Rupert Murdoch has de-emphasized business coverage in The Wall Street Journal since buying the paper in 2007, something that The Audit, focused as we are on the business press, has criticized quite a bit. The tell on Murdoch’s intentions came pretty early when he considered dropping “Wall Street” from the paper’s name, for crying out loud.

He’s expanded general news coverage, often at the expense of the paper’s core business reporting, in a bid to hurt the hated and weakened New York Times and to position the Journal as a competing national paper of record.

Murdoch’s biggest shot at the Times came with the launch of the WSJ’s own New York section, which was aimed squarely at attracting lucrative New York readers while depriving the Times of the same.

I’ve written before that it’s an unhealthy obsession (though it’s always worth remembering that this is a guy who’s willing to lose hundreds of millions of dollars on his newspapers):

But it seems unlikely to us that largely liberal New York Times readers are going to peel away in droves to go read a Murdoch newspaper with an edit page slightly to the right of Milton Friedman and news pages that have noticeably moved rightward since he took over…

More importantly, two million people have subscribed to The Wall Street Journal over the years because it was The Wall Street Journal—not because it was the NYT or the Financial Times. As long as additional features don’t take away from the paper’s core emphasis, then they’re fine.

But many of Murdoch’s moves have been to de-Journalize the Journal, sexing up headlines, cutting story length, diluting depth, adding more stock photos and commodity news, going to straight-news ledes, replacing much of the masthead with non-WSJers, and heading generally to the more slap-dash, once-over-lightly British model.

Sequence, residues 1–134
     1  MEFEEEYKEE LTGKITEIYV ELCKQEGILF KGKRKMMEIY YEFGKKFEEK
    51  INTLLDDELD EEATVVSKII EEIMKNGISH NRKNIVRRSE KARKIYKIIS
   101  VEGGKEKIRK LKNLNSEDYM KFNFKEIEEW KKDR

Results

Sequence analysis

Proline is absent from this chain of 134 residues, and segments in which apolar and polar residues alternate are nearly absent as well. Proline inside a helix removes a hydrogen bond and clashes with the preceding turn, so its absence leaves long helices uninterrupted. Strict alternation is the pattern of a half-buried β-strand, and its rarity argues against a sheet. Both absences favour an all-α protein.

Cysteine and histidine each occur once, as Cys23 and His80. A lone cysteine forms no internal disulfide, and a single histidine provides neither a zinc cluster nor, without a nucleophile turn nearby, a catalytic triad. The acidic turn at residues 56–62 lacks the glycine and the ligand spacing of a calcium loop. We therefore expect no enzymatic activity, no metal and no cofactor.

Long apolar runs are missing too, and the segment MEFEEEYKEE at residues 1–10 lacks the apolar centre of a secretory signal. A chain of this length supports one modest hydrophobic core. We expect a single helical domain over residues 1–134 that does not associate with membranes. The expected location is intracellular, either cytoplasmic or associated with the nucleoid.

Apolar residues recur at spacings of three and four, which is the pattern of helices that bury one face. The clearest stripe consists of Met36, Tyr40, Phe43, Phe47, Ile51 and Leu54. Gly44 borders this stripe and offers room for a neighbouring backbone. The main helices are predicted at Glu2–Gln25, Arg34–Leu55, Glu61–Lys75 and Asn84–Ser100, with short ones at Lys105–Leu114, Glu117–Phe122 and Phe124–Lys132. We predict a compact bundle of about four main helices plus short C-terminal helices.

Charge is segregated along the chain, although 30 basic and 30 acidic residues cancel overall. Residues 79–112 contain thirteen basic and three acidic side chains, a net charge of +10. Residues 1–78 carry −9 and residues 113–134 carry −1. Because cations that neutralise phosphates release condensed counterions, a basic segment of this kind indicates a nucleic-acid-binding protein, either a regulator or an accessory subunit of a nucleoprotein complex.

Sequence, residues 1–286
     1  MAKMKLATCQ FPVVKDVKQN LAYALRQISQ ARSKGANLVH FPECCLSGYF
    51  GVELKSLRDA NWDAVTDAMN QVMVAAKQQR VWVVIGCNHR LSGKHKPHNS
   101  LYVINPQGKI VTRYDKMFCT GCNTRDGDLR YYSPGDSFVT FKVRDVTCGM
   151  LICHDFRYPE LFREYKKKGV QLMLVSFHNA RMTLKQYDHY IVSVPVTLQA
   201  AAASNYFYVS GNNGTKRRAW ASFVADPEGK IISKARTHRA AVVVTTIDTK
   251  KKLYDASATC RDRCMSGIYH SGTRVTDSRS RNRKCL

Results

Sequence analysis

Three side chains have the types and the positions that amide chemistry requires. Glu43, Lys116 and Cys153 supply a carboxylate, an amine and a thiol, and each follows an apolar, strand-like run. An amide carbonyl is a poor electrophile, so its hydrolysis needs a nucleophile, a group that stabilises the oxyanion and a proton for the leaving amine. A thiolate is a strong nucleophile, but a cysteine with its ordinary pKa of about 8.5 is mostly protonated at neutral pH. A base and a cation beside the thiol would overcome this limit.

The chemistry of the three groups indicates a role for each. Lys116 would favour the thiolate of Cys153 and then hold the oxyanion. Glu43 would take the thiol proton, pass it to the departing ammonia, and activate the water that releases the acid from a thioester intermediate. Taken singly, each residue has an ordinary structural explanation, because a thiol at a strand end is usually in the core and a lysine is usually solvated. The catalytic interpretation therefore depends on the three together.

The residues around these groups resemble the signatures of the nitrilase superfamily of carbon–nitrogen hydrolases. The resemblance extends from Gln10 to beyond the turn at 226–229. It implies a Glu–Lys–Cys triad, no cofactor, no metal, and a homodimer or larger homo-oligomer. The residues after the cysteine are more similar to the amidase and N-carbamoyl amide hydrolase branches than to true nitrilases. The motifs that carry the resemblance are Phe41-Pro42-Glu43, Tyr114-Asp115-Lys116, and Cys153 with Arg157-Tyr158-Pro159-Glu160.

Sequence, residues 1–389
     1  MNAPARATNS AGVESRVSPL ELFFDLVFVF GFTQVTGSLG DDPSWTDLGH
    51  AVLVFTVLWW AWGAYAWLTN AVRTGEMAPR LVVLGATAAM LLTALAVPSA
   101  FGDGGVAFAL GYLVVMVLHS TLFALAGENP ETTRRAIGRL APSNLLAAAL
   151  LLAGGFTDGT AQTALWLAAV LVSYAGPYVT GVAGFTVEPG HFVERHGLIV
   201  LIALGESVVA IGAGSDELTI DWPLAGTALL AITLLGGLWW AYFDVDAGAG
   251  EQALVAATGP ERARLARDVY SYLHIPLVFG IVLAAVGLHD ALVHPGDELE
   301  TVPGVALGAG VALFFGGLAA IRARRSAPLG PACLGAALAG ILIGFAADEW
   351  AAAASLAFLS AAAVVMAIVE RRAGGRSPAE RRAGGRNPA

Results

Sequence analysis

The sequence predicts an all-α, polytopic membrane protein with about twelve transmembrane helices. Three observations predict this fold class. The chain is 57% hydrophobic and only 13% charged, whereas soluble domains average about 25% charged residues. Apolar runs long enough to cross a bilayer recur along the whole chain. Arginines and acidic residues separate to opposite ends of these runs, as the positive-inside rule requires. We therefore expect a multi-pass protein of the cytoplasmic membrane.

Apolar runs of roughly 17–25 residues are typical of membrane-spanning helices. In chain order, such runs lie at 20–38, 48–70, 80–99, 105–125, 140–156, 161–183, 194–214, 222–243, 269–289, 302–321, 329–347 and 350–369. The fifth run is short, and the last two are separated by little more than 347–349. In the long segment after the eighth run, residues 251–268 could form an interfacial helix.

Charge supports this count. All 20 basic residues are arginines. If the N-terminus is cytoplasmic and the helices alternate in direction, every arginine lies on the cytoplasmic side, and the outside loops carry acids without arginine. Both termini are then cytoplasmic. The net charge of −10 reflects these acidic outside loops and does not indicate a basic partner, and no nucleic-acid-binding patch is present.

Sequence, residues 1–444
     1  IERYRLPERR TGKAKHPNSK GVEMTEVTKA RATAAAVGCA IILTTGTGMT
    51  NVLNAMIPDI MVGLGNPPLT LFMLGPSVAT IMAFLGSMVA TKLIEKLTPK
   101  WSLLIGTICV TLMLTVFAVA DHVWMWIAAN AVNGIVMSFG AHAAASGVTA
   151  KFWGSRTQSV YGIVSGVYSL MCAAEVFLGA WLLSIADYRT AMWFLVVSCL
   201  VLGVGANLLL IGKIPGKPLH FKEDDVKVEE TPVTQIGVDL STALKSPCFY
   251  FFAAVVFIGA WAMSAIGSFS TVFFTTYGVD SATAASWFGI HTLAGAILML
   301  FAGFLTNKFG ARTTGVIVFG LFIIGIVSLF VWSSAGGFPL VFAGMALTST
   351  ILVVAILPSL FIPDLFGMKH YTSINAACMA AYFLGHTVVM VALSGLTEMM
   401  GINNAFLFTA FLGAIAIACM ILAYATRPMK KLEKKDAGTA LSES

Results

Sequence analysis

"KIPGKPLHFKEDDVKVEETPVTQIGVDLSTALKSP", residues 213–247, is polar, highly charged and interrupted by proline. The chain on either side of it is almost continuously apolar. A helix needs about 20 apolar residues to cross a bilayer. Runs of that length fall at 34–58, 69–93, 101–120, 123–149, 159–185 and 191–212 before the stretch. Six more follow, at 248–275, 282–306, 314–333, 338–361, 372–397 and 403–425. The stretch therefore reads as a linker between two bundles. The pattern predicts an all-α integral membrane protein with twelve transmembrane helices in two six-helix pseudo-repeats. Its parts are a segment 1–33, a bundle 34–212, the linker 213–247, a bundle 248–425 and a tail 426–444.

Now, Audit Boss Dean Starkman reports that the Journal’s star reporter Susanne Craig is bolting for the Times. It is indeed a blow. When I think of core reporters at the Journal, Craig is right up there. And this move follows WSJ reporter Peter Lattman’s exit for the Times a few weeks ago.

Those two hires are part of a major expansion of DealBook from eight journalists to twenty, which the Journal itself reported in June.

So not only is the Journal losing some of its best talent, but they’re going to a direct competitor looking to encroach directly on its turf—and one that’s making the smarter moves. While the Journal is pouring resources into non-business coverage, sometimes at the expense of its raison d’etre, the Times and DealBook editor Andrew Ross Sorkin sense an opening and are making their own move. Rupert may yet get outfoxed in this chess match.

You can place some of this outside the context of the Times battle, too. Lots of big names have been leaving the paper. As one person notes in an email to us, the DC bureau alone has lost Greg Ip, Greg Hitt, Greg Jaffe, Peter Spiegel, Yochi Dreazen, Susan Davis, and Fawn Johnson in the last year or so.

That’s a lot of great journalists to lose in so short a time—and in one bureau.

Further Reading:

Murdoch’s Unhealthy Obsession: Taking on The New York Times isn’t risk-free for the Journal.

WSJ Now Resembling Small-Town Weekly: Future fountains make a splash at Journal’s new New York section.

In the Crisis, the Journal Falls Short: The newspaper is missing the moment.

Ends today: If you'd like to help CJR and win a chance at one of
10 free print subscriptions, take a brief survey for us here.

Ryan Chittum is a former Wall Street Journal reporter, and deputy editor of The Audit, CJR's business section. If you see notable business journalism, give him a heads-up at rc2538@columbia.edu. Follow him on Twitter at @ryanchittum.